Power To Be uses a Theory Of Change framework as an evaluation tool that looks at the intricacies of people and how they change behaviourally, physically, and socially. Our program theory of change is: “Power To Be’s participants’ sense of self and community is positively increased by removing barriers to access nature-based programs”. To achieve this change, our programming approach is guided by 8 outcomes to support growth and impact in our participants.
At Power To Be we often refer to nature as a “co-facilitator” to our programs. The natural environment we explore provides not only the setting, but the lessons, the adventure, the playfulness, and the space to heal or ground ourselves. We gain so much by having nature by our side that we strongly feel it is our responsibility to also take care of the environment. This means being conscious of the type of impact we have on any given area, reducing our environmental footprint as an organization, and teaching others to appreciate and respect nature. Our Environmental Literacy outcome from our Theory of Change guides these values and practices when it comes to the change we hope to influence in our participants.
When looking at the progression of Environmental Literacy in our programs we have three indicators. The first is within our direct sphere of influence – we model respect for the environment in our programs, teach ideas such as Leave No Trace principles and encourage participants to learn about the plants, animals and environments we explore. Secondly, our belief is that these positive experiences inspire both awareness and a sense of care that will hopefully lead to further action and education. Lastly, what we love to see is participants taking this beyond Power To Be programs and becoming advocates and stewards for the environment in their personal lives.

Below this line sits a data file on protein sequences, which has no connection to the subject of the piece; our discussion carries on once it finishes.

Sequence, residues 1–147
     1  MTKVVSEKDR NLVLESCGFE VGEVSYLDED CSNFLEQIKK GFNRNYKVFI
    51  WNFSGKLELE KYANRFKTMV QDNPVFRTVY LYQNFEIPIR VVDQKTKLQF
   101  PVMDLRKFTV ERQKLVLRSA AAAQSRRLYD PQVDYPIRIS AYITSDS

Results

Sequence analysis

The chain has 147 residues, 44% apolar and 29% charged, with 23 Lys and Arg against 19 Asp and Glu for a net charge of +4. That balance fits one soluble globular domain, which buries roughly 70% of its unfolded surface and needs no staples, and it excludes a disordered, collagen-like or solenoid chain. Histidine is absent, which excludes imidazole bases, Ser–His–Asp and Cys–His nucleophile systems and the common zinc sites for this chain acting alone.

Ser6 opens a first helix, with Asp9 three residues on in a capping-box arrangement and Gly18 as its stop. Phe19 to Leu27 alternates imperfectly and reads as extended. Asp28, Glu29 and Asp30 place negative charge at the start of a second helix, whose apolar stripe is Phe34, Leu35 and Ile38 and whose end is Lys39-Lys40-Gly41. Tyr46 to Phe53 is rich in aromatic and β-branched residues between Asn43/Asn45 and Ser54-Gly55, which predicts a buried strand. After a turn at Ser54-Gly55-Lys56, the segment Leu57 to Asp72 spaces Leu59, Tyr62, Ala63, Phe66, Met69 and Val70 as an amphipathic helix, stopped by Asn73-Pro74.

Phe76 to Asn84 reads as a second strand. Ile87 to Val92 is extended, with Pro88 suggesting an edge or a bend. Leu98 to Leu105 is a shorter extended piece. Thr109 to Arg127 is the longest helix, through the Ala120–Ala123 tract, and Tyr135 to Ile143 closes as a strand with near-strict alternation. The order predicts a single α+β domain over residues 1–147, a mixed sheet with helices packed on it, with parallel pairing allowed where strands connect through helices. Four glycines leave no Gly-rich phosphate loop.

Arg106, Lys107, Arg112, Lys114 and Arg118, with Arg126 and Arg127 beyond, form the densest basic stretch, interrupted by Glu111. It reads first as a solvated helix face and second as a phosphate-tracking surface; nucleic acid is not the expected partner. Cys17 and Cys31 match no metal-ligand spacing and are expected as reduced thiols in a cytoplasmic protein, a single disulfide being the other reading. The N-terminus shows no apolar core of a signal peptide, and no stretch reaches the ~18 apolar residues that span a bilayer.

Based on this Outcome, in 2021 our program team has put a lot of intention into weaving good environmental practices and education into our programming curriculum. In the first six months of the year our programs have spent over 415 hours directly in nature, and 39 programs included environmental education in its curriculum. This has come in many forms such as fun nature facts, Leave No Trace principles, presentations on specific ecosystems, pollinators, animals, weather systems, currents and so much more! Some programs have led to deeper conversations on the impact of human activity in the outdoors and how this can influence the behaviour and health of animals. We have also partnered with a few organizations, such as the Habitat Acquisition Trust (HAT), to support and educate ourselves and our participants on ways we can better support our wildlife at Prospect Lake and learn more about the local inhabitants. Recently we connected with a participant who is a Butterfly Ranger with the David Suzuki foundation (see her story here). Marnie has since come to our Prospect Lake site to work with our staff and volunteers to build and plant a pollinator garden! This space was designed to not only be helpful for the pollinators but will be an enjoyable and educational space for our site visitors to learn about these types of ecosystems.
“Everyone, no matter their age or ability, can do something positive for the environment. Tending a garden, raising butterflies, caring for a natural area or reducing energy consumption are just some of the simple ways you can make a positive impact in your own community. Every positive action leads to a sense of hope. And every bit of hope is empowering.”